The Maker Movement and Disruption

The maker movement is shaping up to be more disruptive than the Internet  and Computer revolution was.  This is simply amazing.  And I’m excited about this for a variety of reasons.  Much like the Internet and Computer revolution, we are seeing the major innovation happening in garages and community spaces across America (and abroad).  This is great because it will help de-concentrate the wealth that has amassed in a few tech hot spots (i.e. Silicon Valley).  I think this is always a good thing for innovation, social good, and business reasons.

But what I’m even more excited about is to witness what industries will be disrupted by this movement.  The Internet and Computer revolution caught many industries off guard, but truly destroyed or dramatically altered many of them.  The music industry, journalism, banking, retail, just to name a few, we’re all caught off guard, but have been forever change.  We are just beginning to see how the maker movement will change industry, but with one important twist.

The Internet and Computer revolution were all about improving productivity, efficiency and concentrating and centralizing wealth, power and control.  I know some may argue that this is not true, but it is really hard to find examples in which that has not been the ultimate case.  For example, blogging has been concentrated and centralized into two or three main providers (WordPress which I use, Blogger and maybe Tumblr).  What is often forgotten when talking about blogging, is that it can be traced back to the Zine movement, and is just an extension of that movement.  However, now only two companies control and profit from blogs.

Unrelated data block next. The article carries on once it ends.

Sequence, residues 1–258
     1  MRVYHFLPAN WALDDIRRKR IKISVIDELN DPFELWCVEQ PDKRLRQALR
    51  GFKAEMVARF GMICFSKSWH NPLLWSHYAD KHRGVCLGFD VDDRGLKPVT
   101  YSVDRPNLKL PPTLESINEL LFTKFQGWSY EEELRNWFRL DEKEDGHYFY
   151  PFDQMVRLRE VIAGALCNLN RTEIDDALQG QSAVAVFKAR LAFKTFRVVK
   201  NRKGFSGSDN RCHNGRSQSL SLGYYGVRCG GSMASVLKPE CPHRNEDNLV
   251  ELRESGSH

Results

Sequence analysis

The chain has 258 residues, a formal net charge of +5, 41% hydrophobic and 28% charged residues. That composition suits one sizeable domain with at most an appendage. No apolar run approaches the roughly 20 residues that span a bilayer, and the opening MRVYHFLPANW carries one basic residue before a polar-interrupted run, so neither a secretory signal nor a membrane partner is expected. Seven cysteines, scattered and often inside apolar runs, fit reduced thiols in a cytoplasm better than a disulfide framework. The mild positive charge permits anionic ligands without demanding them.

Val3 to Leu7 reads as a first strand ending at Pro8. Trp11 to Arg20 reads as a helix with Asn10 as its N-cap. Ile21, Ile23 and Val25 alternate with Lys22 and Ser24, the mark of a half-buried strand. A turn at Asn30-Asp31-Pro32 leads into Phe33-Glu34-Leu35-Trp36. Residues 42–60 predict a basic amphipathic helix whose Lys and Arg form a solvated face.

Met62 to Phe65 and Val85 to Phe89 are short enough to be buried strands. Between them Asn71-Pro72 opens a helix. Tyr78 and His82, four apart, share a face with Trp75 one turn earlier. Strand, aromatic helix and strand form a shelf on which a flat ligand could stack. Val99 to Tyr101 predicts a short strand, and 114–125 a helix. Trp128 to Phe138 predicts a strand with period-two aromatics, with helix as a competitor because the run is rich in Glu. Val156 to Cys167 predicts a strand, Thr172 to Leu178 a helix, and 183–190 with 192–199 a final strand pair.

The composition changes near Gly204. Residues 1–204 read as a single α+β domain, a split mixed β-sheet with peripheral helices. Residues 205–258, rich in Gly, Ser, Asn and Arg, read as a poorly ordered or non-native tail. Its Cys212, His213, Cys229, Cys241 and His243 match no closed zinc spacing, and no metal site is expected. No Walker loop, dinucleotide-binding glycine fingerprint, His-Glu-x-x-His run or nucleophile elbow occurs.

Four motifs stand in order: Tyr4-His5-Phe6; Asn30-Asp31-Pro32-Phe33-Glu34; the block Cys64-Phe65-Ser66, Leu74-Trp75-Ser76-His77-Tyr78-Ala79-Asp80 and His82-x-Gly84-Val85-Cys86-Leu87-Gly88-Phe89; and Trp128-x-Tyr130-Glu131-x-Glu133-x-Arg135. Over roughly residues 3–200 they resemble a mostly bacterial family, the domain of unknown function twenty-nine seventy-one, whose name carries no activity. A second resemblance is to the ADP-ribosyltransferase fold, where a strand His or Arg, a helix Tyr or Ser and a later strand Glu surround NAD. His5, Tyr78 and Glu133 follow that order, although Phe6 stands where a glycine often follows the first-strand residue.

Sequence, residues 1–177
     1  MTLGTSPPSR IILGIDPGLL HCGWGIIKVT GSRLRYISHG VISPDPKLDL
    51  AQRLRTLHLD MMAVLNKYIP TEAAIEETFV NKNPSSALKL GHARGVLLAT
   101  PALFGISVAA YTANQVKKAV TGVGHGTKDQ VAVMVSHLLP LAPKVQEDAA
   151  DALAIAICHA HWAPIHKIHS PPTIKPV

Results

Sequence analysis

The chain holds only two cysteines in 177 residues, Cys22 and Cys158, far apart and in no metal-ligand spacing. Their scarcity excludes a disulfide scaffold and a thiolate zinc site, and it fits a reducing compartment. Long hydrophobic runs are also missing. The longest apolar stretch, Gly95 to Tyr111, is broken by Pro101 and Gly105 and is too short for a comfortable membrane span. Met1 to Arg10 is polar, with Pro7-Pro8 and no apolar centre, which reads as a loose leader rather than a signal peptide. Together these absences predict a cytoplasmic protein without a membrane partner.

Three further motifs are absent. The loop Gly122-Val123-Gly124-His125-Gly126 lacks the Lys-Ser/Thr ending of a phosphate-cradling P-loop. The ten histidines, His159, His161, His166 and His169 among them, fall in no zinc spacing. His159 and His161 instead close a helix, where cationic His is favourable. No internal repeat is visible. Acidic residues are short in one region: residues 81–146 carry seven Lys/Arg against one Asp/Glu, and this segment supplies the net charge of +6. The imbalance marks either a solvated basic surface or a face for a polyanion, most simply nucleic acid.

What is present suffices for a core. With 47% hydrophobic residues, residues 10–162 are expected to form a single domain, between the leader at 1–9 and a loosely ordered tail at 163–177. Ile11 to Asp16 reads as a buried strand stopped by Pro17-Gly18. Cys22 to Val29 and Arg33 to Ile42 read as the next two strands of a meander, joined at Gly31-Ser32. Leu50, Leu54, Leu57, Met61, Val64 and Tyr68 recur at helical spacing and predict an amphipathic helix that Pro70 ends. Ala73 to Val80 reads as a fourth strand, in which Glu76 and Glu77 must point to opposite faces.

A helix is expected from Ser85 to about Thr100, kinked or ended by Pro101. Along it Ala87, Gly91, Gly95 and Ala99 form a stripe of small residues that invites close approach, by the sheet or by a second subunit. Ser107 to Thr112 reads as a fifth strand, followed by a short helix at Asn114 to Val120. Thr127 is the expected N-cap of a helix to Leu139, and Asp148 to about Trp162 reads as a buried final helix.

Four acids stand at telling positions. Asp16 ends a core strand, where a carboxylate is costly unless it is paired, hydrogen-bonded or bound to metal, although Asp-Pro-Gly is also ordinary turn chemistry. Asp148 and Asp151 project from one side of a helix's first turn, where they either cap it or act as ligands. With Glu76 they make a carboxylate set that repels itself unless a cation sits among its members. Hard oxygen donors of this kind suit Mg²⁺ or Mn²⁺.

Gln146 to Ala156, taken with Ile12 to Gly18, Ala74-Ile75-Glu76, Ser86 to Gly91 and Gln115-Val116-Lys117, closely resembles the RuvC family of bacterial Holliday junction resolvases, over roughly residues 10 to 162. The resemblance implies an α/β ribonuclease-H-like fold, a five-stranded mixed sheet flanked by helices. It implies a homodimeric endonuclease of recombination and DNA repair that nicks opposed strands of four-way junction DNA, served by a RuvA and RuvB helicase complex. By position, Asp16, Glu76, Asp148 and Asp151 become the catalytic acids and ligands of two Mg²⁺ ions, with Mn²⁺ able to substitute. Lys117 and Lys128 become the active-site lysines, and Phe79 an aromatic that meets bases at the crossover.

The maker movement, on the other hand, is not yet controlled by a few companies.  Moreover, it will be really hard to centralize the niche production occurring through the maker movement.  It seems that the next industry that will be heavily disrupted will be the makeup and cosmetics industry.  In a recent video I watched someone demonstrate a 3D printing demonstration, but what she was making was niche makeup.  For $300 you can buy a printer that will let you create any makeup color you want.  This is simply amazing to me.  Companies that charge huge sums of money for unique colors will find themselves quickly out of business.

Yes, I know that many people take issue with 3D printers.  How many plastic trinkets does one person need?  When a new technology comes out, we often are unsure how to use it and how it will fit within our broader world.  Just because millions of people Xeroxed their hand, butt, face or whatever didn’t mean that Xerox machines were not an important invention.  The same is true of 3D printers.  We may not be able to see the trees through the forest right now, but sure enough, many companies and industries are going to run smack dab into the middle of those trees.

What industry do you think will be revolutionized next?

 

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